Thursday, April 24, 2008

More Consternation about Jewish Rules

My last post was about my difficulty with all the minutia that goes into preparation for Passover--and here I am writing on my laptop at a Passover Resort hotel. The sun is shining brightly outside and I just came back to my room from a wonderful outdoor buffet brunch, where the cheerful mosgiach made me the perfect omlet on one of those little gas flame burners, and in the background I heard the whirrr of the blenders making choose-your-ingredients smoothies. Matza brei and platters of cheeses and lox and fake bagels that look like the surface of the moon (and probably taste just as good) were on tables in the shaded patio, with crocks of hot porridge, bins of cool yoghurt and other comestibles embarrassingly abundant. So how can I continue to feel that many details of mitzvot are, um, unnecessary and weird?

Coincidentally (if there is such a thing), my 15-year-old son joined me sitting on a comfy couch in the sun this morning and we devoured our perfect omlettes together. He told me that he was up late moderating a heated discussion between a young fellow who is an atheist and only performs mitzvot to honor his parents, and one of the rabbis supervising the food prep here. The upshot was that the moshgiach used all the "why there has to be God" arguments and the disbeliever was unmoved.

Meanwhile, I had a fascinating conversation with a young seminary graduate who posits that halacha, every fastidious detail, is meant to further man's interaction with God. By applying logic to new issues, derived by a posek from the vast array of Torah thought, we bring otherwise staid and stale pronouncements into our personal realms on a daily basis. It is halacha, then, that actually forges our personal relationships with God. Whether or not to put tin foil on the shelves of one's refrigerator puts our efforts to conform to God's will foremost in our experience.

I can accept that to a point; my reaction is that we have choices even within the tight confines of halacha, and exactly HOW tight those confines are is a matter of which rabbi you follow or how some view went akimbo several hundred years ago, and just kept billowing further into ridiculousness--but now, entrenched as either minhag or halacha, cannot be retracted or rethought or revised.

An example: At the time electricity became available, I'm told, there was much discussion about its impact on Shabbat. Is turning on a light switch akin to opening a spigot? As water flows readily through pipes, electricity flows in an ongoing basis through a home's wires, and tapping into it for one's hot tray or electric blanket is no different from flushing the toilet to let the waiting water through.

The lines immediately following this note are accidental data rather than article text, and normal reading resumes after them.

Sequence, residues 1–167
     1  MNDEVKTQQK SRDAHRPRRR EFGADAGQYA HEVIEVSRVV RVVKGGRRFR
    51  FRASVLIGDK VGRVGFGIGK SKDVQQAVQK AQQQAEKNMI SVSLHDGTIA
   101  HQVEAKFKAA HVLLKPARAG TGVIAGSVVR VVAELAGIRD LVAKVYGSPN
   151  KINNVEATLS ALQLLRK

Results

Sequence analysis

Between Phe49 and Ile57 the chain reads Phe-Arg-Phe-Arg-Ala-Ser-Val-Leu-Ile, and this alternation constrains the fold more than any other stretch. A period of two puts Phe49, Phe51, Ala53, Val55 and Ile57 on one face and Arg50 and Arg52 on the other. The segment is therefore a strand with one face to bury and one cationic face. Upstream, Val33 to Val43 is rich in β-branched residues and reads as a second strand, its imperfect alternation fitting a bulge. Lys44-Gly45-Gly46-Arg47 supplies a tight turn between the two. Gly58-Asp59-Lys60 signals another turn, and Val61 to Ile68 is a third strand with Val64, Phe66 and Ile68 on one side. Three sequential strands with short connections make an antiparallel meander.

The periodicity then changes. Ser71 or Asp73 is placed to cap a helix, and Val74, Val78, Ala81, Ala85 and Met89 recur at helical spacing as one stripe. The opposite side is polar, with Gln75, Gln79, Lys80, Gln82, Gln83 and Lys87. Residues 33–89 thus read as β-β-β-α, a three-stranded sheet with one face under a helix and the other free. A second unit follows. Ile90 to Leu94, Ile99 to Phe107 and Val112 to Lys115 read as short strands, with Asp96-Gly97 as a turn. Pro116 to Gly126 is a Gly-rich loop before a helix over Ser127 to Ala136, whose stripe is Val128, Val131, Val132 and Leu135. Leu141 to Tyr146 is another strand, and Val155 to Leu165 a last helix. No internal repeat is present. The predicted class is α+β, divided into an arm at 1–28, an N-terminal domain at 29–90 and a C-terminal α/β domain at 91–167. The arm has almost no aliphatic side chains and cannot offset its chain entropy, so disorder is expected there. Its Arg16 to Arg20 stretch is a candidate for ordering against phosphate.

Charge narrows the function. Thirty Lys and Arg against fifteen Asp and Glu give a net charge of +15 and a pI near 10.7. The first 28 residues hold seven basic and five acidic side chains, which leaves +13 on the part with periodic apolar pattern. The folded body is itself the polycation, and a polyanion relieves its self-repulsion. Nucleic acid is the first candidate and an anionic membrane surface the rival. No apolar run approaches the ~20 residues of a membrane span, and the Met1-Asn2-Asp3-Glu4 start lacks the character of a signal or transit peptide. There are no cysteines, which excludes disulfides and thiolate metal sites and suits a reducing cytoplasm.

It was decided that use of electricity was not similar to opening a spigot, and so Jews ended up with dark bathrooms and cold nighttime bodies and so many other inconveniences that arise from not being able to use electricity. One can say that this makes Shabbat special, if not more uncomfortable (which it certainly does) and that restraining from changing the world, which using electricity emphatically does, is the point of Shabbat, anyway.

OK, but let's say there's a new means of conveying energy that doesn't require electricity. I understand that in Israel, Jews can use the hot water from their faucets on Shabbat since the heating mechanism is solar, rather than via a gas tank that increases its flame when empty. Israeli Jews, then, regain the comfort of washing their faces on Shabbat with hot water--ahhh!--while I continue to shiver while spashing frigid water on my face. Is my experience of Shabbat somehow better because I have endured a throwback to discomfort?

Which takes me back to my disdain for halachic minutia. Yes, Torah is integrated with everything, every decision, every moment on our planet (and elsewhere!) But the amount of prescribed, mandatory behaviors is just toooooo encompassing, constricting and picayune. I contort my attitude with great duress to envision halacha as wondrous means to bind me to God. But, it's always my fault (God has none, of course) that I can't Pollyanna my way through many directives. In this religion, my view that many rules are over-the-top demanding and strange is by definition wrong, and it is my job to learn my way to seeing that fact.

Even as I write this, I am internally arguing the other side. That old yatzer ha ra is acting up, I tell myself! Also, being Jewish involves questions, so delving and questioning isn't so bad--as long as you keep following the rules. Still, there's that minutia. And then again--are we REALLY supposed to know why God tells us to so peculiarly celebrate matza, the bread of both freedom and affliction? Can we REALLY conceive why chumetz is such an anathema? And that's where I remain--stuck between reason and rebellion and acceptance.

So Rabbi Soloveitchik's "task of covenantal man" becomes a nearly impossible challenge:
“The Halakhah believes that there is only one world—not divisible into secular and hallowed sectors—which can either plunge into ugliness and hatefulness, or be roused to meaningful, redeeming activity, gathering up all latent powers into a state of holiness. Accordingly, the task of covenantal man is to be engaged not in dialectical surging forward and retreating, but in uniting the two communities into one community where man is both the creative, free agent, and the obedient servant of God.”

How do YOU solve this dilemma?

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